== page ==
The advent of photography forced artists to look at their subjects on a more intimate scale, and results were not always pretty. Henry Mayhew’s pioneering series of interviews with London’s poor included drawings that were based on photographs: a mudlark sifts his way throughout the city’s sewers looking for stray coins. Dickensian London also showed early signs of multiculturalism: John Thomson’s images of street life in his journalistic surveys included one of a Hindu seller of religious tracts.
In the meantime, London’s burgeoning population took a fancy to viewing itself in action. When William Powell Frith’s “The Railway Station” of 1862 was displayed in a tiny gallery next to the Haymarket Theatre, more than 1,000 people a day queued up to spend one shilling each to see the depiction of commuters at Paddington station. The painting, full of bustle and vivid detail, was displayed in a red-gold frame and surrounded by chocolate-coloured cloth. Its success was also a masterpiece of marketing: the public was invited to buy black-and-white reproductions in advance of the exhibition. The London Review was less rather enthusiastic about the work. “Really a poor affair,” it complained.
Railways were a source of fascination in 19th-century London; the delivery of mail was another. In “The General Post Office, One Minute to Six” by George Elgar Hicks (1860), the artist shows crowds rushing for the last post. The pace of life, the deadlines imposed by urban living, are no cause for concern, however: the Post Office, one of the reliable administrative centres at the heart of a huge empire, will take care of things.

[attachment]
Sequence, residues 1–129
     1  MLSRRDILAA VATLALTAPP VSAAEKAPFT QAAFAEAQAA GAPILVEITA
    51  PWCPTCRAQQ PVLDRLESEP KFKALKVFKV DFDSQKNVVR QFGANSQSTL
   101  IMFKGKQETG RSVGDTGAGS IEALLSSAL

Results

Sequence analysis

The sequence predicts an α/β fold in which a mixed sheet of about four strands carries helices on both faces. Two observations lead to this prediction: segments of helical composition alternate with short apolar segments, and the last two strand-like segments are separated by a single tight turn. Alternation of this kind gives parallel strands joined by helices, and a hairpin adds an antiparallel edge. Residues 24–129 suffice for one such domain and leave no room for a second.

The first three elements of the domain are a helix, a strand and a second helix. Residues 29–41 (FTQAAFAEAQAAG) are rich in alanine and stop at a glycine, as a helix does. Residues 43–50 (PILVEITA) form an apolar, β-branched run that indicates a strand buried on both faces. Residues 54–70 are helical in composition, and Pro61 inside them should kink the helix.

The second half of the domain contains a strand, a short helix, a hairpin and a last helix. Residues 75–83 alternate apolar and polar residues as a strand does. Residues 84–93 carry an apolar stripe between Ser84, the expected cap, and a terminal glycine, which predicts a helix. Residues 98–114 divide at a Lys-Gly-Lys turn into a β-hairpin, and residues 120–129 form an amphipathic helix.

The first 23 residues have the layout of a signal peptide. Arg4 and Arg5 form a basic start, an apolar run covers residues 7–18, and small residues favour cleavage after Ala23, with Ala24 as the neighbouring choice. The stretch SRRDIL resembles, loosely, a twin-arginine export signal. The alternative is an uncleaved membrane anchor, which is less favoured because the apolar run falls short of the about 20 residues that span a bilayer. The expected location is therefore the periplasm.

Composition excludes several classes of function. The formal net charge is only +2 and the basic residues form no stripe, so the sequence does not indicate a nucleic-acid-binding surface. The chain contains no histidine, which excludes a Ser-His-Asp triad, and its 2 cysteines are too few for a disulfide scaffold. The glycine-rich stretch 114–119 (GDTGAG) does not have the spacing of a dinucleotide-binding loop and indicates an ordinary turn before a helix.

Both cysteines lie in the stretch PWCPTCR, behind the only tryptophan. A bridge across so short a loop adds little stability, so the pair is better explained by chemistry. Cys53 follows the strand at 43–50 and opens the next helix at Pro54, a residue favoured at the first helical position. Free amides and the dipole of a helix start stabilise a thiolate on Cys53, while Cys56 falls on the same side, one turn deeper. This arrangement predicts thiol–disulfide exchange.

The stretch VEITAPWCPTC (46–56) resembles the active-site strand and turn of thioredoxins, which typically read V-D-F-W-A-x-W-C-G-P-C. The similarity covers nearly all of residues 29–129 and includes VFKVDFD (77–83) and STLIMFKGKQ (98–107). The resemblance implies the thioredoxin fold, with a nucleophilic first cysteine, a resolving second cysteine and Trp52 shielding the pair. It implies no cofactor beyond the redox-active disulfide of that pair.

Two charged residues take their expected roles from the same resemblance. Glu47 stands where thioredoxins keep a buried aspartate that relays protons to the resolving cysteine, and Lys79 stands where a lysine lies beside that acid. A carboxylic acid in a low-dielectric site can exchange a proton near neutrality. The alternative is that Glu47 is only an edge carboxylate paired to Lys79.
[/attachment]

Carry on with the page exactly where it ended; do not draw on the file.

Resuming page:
For those who did find the relentless imperatives of London living too much to bear in the early years of the 20th century, there was respite: the suburbs. No one strove harder than London Transport to assure its new public that there was a calm, pastoral universe in which to escape the pressures of the inner city, just minutes way. Its posters to persuade us of that have subsequently become graphic design classics, including Edward McKnight Kauffer’s trippy depiction “Flowers of the Riverside” (1920) and Kate Burrell’s verdant Hampstead scene, released a decade later.
Modern London’s artists have continued to hover between the extremes of the city’s life, from its cosmopolitan vitality to its seemingly inevitable social problems. John Bartlett’s “History Painting” of 1994 portrays a violent moment in the poll tax riots at the start of the decade, but the artist has eschewed social realism and painted his scene in the manner of a Renaissance master. London’s multicultural make-up is widely celebrated — but not without reservations. Dominican-born Tam Joseph brings exuberance to his troubling version of the Notting Hill Carnival, “Spirit of the Carnival” (1983), in which a masquerader defies a circle of police riot shields that surround him. A more unequivocally positive image of London’s diversity are the dresses worn by the placard bearers at the 2012 Olympic Games’ opening ceremony, festooned with a random selection of Londoners’ faces.
Can artists find lyricism in the metropolitan fervour of today’s London? David Hepher’s 1984 “Camberwell Nocturne” shows day and night scenes of a tower block, contrasting the menacing aspects of the daylight hours with the peace of night-time, when the block is improbably transformed, in the artist’s words, into a “mass of coloured lights against a velvet sky”.